Need help choosing right capacitor

Discussion in 'General Electronics Chat' started by Tom88, Oct 14, 2011.

  1. Tom88

    Thread Starter New Member

    Oct 14, 2011
    Hi, I'm currently building a 10Hz low pass filter after an integrator stage to reduce the DC noise before it enters an ADC. It is currently around 20mVpp and I would like to reduce it to around +-1mvp. The filter is a 4th order butterworth. I know which values of capacitors I need to use (from microchips filter lab program). However, I need help which type of caps to use. I've been researching but there is no real concrete answer I could find. I'm leaning toward polypropylene but if anyone has any input or a guide they follow, any reply would be greatly appreciated. Thanks.
  2. SgtWookie


    Jul 17, 2007
    Polypropylene would be a good choice.

    It would be a good idea to simulate the circuit before actually building it, to get an idea of how well it will actually work.
  3. colinb

    Active Member

    Jun 15, 2011
    Can you elaborate on the reasoning for the education of us less knowledgeable?

    Are there models for the different types of capacitor (polypropylene, ceramic, tantalum, Al electrolytic, ...) such that the simulation would help choose capacitor type?

    I am very new to SPICE but I guess you could at least model the capacitor with a series and parallel resistor for the ESR and capacitor leakage. I think you could define a capacitor model with this subcircuit rather than actually putting these resistors on the schematic?
  4. #12


    Nov 30, 2010
    I don't know anything about simulating, but I know that the dissipation factor is the reason. One of the inescapable defects in capacitors is that the dielectric absorbs some of the energy. The poly caps are the best at not losing energy in their dielectric.
  5. SgtWookie


    Jul 17, 2007
    Have a look at one of Steve Bench's pages:
    He tested a number of caps constructed from different materials; the results are rather interesting. An ideal cap's response would be a single diagonal line that was perfectly straight; but as you can see in Steve's results that several of the caps tested exhibit non-linear results. Note the polyester cap shows two traces in the middle. The ceramic LV has a very non-linear response.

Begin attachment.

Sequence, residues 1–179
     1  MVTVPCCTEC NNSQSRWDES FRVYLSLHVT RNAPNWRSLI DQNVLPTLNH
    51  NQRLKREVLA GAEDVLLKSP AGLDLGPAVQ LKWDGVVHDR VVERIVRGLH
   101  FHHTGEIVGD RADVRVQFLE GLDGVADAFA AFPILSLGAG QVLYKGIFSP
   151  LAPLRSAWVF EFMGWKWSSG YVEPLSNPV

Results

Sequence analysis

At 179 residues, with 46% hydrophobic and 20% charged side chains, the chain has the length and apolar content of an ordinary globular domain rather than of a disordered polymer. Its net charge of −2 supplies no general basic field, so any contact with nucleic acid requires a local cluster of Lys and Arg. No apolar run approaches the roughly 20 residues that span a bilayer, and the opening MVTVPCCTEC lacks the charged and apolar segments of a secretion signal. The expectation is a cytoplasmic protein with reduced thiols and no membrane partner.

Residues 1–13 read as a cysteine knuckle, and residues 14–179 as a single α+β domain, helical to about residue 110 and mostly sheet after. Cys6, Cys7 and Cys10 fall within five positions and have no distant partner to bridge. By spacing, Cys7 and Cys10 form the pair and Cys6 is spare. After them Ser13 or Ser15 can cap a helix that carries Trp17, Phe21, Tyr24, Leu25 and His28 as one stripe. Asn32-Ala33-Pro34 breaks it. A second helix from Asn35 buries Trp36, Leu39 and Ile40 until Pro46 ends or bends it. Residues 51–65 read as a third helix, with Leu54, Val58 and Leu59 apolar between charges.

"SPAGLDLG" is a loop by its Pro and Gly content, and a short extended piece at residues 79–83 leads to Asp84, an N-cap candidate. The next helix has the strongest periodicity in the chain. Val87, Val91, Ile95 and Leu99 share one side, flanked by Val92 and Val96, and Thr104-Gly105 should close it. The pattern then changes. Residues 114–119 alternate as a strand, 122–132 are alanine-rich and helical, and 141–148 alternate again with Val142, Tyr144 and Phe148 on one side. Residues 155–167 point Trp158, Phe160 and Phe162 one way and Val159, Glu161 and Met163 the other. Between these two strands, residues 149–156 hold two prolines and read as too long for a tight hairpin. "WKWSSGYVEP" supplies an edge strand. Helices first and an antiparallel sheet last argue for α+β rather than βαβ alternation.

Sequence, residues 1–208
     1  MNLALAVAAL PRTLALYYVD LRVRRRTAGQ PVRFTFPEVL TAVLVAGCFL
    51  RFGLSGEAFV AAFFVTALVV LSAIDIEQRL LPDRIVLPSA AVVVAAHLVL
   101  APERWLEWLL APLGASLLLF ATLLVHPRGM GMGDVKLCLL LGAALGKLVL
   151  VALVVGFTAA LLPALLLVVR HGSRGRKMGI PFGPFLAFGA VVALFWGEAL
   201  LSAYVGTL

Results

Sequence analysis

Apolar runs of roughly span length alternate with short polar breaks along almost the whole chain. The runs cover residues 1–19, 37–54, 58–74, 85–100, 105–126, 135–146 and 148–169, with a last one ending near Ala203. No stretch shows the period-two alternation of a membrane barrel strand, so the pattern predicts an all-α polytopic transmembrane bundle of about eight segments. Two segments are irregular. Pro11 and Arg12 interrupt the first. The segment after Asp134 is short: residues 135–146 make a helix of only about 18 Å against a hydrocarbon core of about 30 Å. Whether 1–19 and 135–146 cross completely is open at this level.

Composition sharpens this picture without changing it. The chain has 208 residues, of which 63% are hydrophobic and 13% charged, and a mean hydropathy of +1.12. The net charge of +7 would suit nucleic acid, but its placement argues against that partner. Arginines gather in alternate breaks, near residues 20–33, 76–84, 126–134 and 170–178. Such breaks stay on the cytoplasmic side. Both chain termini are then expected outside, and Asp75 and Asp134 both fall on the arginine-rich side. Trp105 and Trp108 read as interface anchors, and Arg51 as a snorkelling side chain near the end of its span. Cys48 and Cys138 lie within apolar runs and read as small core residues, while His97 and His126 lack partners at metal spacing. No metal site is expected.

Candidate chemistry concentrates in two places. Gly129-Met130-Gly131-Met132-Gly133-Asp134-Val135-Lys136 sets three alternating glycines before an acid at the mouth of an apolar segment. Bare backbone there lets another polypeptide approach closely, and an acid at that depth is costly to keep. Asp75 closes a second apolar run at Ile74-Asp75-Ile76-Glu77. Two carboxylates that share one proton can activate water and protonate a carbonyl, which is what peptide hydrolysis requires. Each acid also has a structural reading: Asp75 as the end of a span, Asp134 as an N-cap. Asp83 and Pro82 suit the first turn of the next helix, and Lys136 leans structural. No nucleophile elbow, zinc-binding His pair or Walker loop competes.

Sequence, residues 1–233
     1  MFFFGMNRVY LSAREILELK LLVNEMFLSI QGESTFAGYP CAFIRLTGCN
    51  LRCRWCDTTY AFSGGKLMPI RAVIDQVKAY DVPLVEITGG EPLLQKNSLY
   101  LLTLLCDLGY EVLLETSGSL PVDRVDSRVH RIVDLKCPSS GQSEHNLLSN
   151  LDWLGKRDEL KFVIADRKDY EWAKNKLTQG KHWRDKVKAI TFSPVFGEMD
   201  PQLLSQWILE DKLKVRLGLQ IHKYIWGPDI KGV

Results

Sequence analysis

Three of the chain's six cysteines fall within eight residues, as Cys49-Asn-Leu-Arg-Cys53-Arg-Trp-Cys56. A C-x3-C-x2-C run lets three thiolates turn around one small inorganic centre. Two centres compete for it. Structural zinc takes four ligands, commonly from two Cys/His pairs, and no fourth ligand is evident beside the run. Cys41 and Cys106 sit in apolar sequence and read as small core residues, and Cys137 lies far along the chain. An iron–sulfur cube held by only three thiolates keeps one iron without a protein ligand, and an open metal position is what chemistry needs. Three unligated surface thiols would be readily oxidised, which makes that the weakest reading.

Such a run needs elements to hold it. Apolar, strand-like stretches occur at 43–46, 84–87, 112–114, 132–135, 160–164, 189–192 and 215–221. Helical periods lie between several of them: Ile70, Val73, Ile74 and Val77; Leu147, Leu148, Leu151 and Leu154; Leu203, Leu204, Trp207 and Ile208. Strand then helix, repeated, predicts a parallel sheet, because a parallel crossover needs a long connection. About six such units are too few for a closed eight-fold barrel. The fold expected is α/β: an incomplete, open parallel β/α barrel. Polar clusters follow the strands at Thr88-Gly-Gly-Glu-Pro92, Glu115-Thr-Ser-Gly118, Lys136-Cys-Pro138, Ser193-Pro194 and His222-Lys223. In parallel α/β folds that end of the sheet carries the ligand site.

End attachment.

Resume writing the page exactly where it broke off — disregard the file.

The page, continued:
More caps on this page:

    LTSpice includes a number of models for electrolytic and tantalum capacitors, but it's far from complete. Capacitor manufacturers might include some data on parasitics in their datasheets, but for broadband response you really need to do your own testing. Generic PSPICE capacitors are ideal; no parasitics. Linear Technology's LTSpice has provisions for adding parasitics (if you know them) for inductors & capacitors.

    Parasitics on real-world components can really trip you up, particularly at higher frequencies - even with very small components. A number of years ago, we did some testing on 0805-size SMD multilayer ceramic caps in the pF range (these things are pretty tiny; about like this => [] on a 17" screen). A cap that tested around 56pF at low frequencies (<20MHz) measured around 120pF or so by the time we reached 500MHz due to the parasitics; or nearly tripled in value. We were using a Hewlett-Packard material analyzer that could test components up to around 20GHz; you could buy a very nice vehicle for what it cost.

    As I mentioned previously, Linear Technology's LTSpice has provisions for modeling a number of parasitics within a passive device; you can get to these by right-clicking on it, as in this example:


    As you can see, I didn't enter all of the possible parasitics for C1, but it's certainly a better approximation than leaving them at the defaults (ideal).

    The more elements you add to a simulation, the better it will represent a real-world circuit. However, you can reach a point of diminishing return, where the amount of time required to build and run the simulation far exceeds what it would take with the real components on a test bench.

    SPICE simulations are great for testing an idea for a starting place, to be relatively certain that you're not going to burn stuff up.

    One big thing people frequently forget to model is the inductance of wiring. PSPICE wiring is ideal; real wiring isn't. Even a 1" straight piece of AWG-24 jumper wire has about 24nH inductance. That doesn't seem like much, but it adds up in a really big hurry. Even the leads on a TO-220 package for a transistor or MOSFET have 4.5nH-8nH inductance; people forget that when they try to make a high frequency switch, and then wonder why they have high-frequency "ringing" going on.
    Last edited: Oct 14, 2011
    colinb likes this.
  6. #12


    Nov 30, 2010
    Why are you elaborating on MHz effects for a 10Hz filter?
  7. gootee

    Senior Member

    Apr 24, 2007
    As stated, polypropylene are usually good (low "dielectric absorption"). So are polystyrene and teflon, usually.

    It depends on the values needed, though, since those types are only cheap or small for relatively-small values.

    If you need larger-value polypropylene caps, look for them at places like or Otherwise, the little red WIMA box caps come in small dimensions for polypropylene, from places like

    If you can, also make sure that your polypropylene caps are of the "non-inductively wound" type.

    Modeling capacitors in SPICE: The ESR can be a gotcha, especially with electrolytics. It can change dramatically with both frequency and temperature. The Cornell Dubilier website had a great applet for showing that data, for some of their capacitor lines, and also generated a spice model taking those effects into account!

    For simple sims of electrolytics, at least calculate the ESR for the frequency of interest, using the fact that the DF spec usually stays somewhat constant over frequency but is easily related to ESR. Tan(Delta) @ f = DF = 2 x Pi x f x C x ESR. ESR = DF / (2 x Pi x f x C).